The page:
Authors: Ibrahim Fawal
Tags: #Israel, #Israeli Palestinian relations, #coming of age, #On the Hills of God, #Palestine, #United Nations
On the Hills of God
Montgomery | Louisville
P.O. Box 1588
Montgomery, AL 36102
Copyright 1998, 2002, 2006 by Ibrahim Fawal. Foreword copyright 2006 by Robin C. Ostle. All rights reserved under International and Pan-American Copyright Conventions. Published in the United States by NewSouth Books, a division of NewSouth, Inc., Montgomery, Alabama.
eBook ISBN: 978-1-60306-075-2
This novel is a rare work of literature. Other Palestinian authors of the highest quality, such as Ghassan Kanafani or Emile Habiby, have written novels in Arabic which have been translated into English, but for the most part these books have remained locked within the specialized circles of Arabists and Middle Eastern scholars.
On the Hills of God
belongs to that small number of creative works written in English by an Arab author, in this case by a Palestinian American who has lived in his adopted country since 1951, yet who has never ceased to be haunted by his childhood and adolescence in Ramallah and by the unending cycle of injustice which has been the lot of the Palestinian people throughout the second half of the past century.
The pages of
On the Hills of God
pulsate with passion, drama, and violence: the love affair of Yousif Safi and Salwa Tawil which triumphs against the powerful odds of social convention in a traditional society; and the killing of Dr. Jamil Safi which is a powerful symbol of the death of the future of Palestine, a future that was full of promise grounded in vision, humanity, and the common cause of Muslim, Christian, and Jew. The culmination of the book is rape, pillage, the slaughter of the innocents, and forced migrations—all the usual and predictable consequences of the exercise of brute force in the place of compassion, reason, and compromise. Interwoven with the fictitious human drama of the novel are the momentous historical events of 1947–48; the approaching end of the British Mandate, the abortive UN Partition Plan, and the Arab-Israeli war and its aftermath which is still with us.
But beyond the compelling pace and gripping tension of the plot, this is a novel with special ingredients made up of the rich texture of the vital details of the necessities and rituals of daily life: the food that accompanied family and festive occasions is described with minute and loving precision, emphasizing the connectedness of a Palestinian people with their land of milk and honey which they nurtured, as it nurtured them. Through such constant and daily rituals, families exressed the love they felt for those closest to them, and the affection and respect which they showed to friends, acquaintances, and guests. The three friends, Yousif, Amin and Isaac—the Christian, Muslim and Jew—share a delicious breakfast prepared by Isaac’s mother Sarah, while all are so horribly aware that the love which bound together their families and their community could so easily be split asunder. On this occasion they share a powerful foreboding of the final meal, after which things will never be the same again. The hills, the countryside, the vegetation, the fruit and produce of the land, have presences on these pages as vital as those of the human characters. The very soul of this land and community of mixed faiths was expressed most eloquently and movingly by the blind musician Jamal, who had been persuaded to teach Isaac to play the ‘oud.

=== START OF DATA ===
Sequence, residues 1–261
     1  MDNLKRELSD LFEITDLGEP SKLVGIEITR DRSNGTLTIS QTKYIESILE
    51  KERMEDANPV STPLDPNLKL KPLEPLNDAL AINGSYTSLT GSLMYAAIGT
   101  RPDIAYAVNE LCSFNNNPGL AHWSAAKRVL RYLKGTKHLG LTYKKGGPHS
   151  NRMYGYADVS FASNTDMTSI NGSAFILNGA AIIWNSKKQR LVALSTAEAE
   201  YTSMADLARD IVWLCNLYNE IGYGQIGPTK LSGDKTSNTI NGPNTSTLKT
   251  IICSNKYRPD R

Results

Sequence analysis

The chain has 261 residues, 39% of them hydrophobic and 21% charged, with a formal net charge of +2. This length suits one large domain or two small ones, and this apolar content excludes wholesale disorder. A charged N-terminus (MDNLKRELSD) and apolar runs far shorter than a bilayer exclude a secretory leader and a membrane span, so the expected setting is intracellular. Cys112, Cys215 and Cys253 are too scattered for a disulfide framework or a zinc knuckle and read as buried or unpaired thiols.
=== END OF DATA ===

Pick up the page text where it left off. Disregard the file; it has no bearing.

On the Hills of God
is a testimony, at once moving and shocking, to the essential fragility of relationships, both individual and communal. The Palestine that was destroyed in 1948 was a rich and delicate human fabric which has been built up over many generations. Muslim, Christian, and Jew shared a common language—Arabic—and a common culture, and they shared the land. That delicate fabric was destroyed rapidly and brutally, creating a massive injustice, the roots of which lay in Europe and had nothing to do with the Holy Land.
On the Hills of God
is a re-creation in literature of the human beings that were Palestine before 1948, most of whom now live under occupation or are scattered in yet another of the twentieth century’s diasporas.
St. John’s College fellow Robin C. Ostle is University Lecturer in Modern Arabic at Oxford and a member of the staff of the Oriental Institute.
In Palestine’s last summer of happiness, seventeen-year-old Yousif Safi was awakened by the familiar voice of the muezzin calling man to prayer. It was not six o’clock yet and he lay warm and comfortable in his bed, but the moment he opened his eyes he was fully awake. He could hear the chirping and twittering of his birds in the aviary in the next room. On this day early in June 1947, the new house was to get its roof. His parents and relatives and all their friends had been waiting for this occasion. He could hear the workers gearing up for the mixing and pouring of concrete on top of the house. The iron grid, which would hold the roof together, had been fastened atop the nearly finished villa a week or two earlier.
He stretched in bed thinking of the ten years his parents had spent waiting to build such a house. Thank God it was nearly finished. He admired them for their foresight and determination. They had divided and landscaped the whole mountaintop long ago. Trees needed years to grow and his parents had wanted the house and gardens to be ready at the same time. And while the trees were growing, they were saving the money to build their villa. Not satisfied with a good income from his medical practice, his enterprising father had invested wisely over the years, buying and selling real estate at a good profit.